I know that I can’t be the only mom who feels this way. Our bodies go through so much to bring a life in this world and our most of our time afterwards goes into taking care of that life. It would be nice if we could feel great about ourselves after right away.

Normally, I’d try to find a solution to the problem in my post, solutions such as write in a journal or try to find ways to boost your self-esteem emotionally and mentally to make up for the physical for the moment. But it’s hard right now because sometimes, when you feel bad about how you look, you just feel bad about how you look.

It’ll just take time (and exercise) to change that feeling.

All we can do is be patient and work hard to achieve our goals.

Yeah, It’s Out Of My Control

We, Indians, are perfect. No, really, we are. We are all intelligent, beautiful, and successful.

Ok, let’s talk reality. No one is perfect. Yes, we might have a lot going for us.

However, there is a lot of us have things that we don’t talk about much, things that are out of our control. Many of us have a weakness that we don’t advertise. But it’s there.

My weakness is epilepsy. Unless you’ve seen me popping my medication or have actually seen me drop into a seizure randomly, you probably don’t know that I have epilepsy.

It is super frustrating for me because while I know the triggers, I hate having to change my life to cater to my condition. I do take care of myself though because I don’t have a choice. That doesn’t mean I don’t slip every so often.

My most recent seizure happened during my sister’s wedding weekend. I was lucky that one of my sister’s friends knew what to do. I woke up, got ready, and went to my sister’s wedding rehearsal.

My other sister asked me why it didn’t bother me that it happened. I told her later that it did. But I had 2 choices at the time. I could sit and dwell on it and be upset it happened or I could move on and enjoy the weekend.

We all have something or we will have something at some point in our life. And we can curse our bad luck or we can accept that this is our reality. We can figure out how to live with it. We can ask for help if we need to.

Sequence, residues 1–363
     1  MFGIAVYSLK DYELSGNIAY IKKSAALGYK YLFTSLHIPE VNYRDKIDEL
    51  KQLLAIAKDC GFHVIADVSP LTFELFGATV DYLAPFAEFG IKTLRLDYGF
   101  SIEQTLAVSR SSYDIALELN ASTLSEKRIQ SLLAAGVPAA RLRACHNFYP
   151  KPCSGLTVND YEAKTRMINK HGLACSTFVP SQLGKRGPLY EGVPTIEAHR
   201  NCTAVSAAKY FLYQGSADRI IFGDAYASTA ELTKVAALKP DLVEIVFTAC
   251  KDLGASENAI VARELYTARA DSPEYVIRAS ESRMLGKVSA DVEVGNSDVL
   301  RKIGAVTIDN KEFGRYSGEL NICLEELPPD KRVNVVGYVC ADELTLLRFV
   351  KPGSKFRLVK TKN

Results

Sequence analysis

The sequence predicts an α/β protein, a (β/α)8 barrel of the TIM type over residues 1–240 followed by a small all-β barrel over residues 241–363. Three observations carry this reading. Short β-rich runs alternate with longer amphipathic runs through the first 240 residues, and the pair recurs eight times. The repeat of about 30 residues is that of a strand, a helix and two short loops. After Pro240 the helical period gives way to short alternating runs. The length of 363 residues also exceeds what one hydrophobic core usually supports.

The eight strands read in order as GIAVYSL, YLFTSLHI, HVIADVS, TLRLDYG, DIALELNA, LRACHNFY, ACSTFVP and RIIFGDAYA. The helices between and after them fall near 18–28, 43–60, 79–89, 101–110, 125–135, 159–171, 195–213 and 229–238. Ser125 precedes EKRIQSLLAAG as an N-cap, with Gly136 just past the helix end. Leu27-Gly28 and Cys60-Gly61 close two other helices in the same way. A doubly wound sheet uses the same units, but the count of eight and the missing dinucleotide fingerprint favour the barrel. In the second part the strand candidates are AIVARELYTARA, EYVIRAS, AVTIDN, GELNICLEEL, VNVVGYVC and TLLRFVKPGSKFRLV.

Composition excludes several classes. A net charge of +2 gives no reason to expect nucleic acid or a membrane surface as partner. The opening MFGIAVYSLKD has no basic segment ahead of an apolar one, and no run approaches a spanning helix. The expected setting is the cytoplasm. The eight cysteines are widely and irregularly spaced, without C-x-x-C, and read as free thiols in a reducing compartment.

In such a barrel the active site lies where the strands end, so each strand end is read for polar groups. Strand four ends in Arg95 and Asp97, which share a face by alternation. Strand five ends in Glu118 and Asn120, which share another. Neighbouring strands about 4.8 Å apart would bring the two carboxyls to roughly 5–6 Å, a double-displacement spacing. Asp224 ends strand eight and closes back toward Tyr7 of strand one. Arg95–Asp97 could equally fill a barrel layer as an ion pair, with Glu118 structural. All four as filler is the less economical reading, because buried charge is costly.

There is no shame in anything that affects your health, whether it be physical or mental. We are human.  There is a lot we have to deal with. And absolutely everyone has something that they can’t control. Everyone has something that takes work, that we have to adjust to. Dealing with epilepsy didn’t just take a neurologist. It took a therapist as well.

Yes, it sucks. I’ve felt that over and over again. I probably will be taking medication to control the seizures for a long time. But since I don’t have an option in the matter, I can only learn to have a good attitude about it. I can be upset or I can have fun.

And I choose to have fun.

 

Yes I’m Vain….But It Keeps Me Healthy

When I was 15, my metabolism quit. Like it got up and said “F*** you” and left. Prior to that, I was a super skinny kid and didn’t really worry about what I ate. After that, it’s like everything I ate just stayed on me. I ended up at around 130 pounds at the time. For a 5’2″ girl, there’s nowhere for that weight to really go that will look attractive. I wasn’t consistently athletic at the time so it wasn’t even muscle weight.

Now take a look around you. Take a look at yourself. Are you in shape? Are you taking care of yourself? Are you being healthy?

If the answer (the honest answer) is no, join the club. There are way too many of us out there that aren’t taking care of ourselves. The American Heart Association recommends walking around 10,000 steps or 5 miles per day. This is hard. I bought myself a Fitbit because I thought I must be easily hitting this number daily chasing my kid around plus working out once a day but nope. I still have to take another walk and really push my activity levels to hit this number. I rarely ever reach 5 miles. It’s frustrating.

After my metabolism quit, it took me another 6 years to come out of denial that I couldn’t just eat what I want and not work out and look like how I wanted. I always wanted to have the perfect body. I’ve always been a perfectionist. And somehow I thought that it would just come to me without me having to work for it.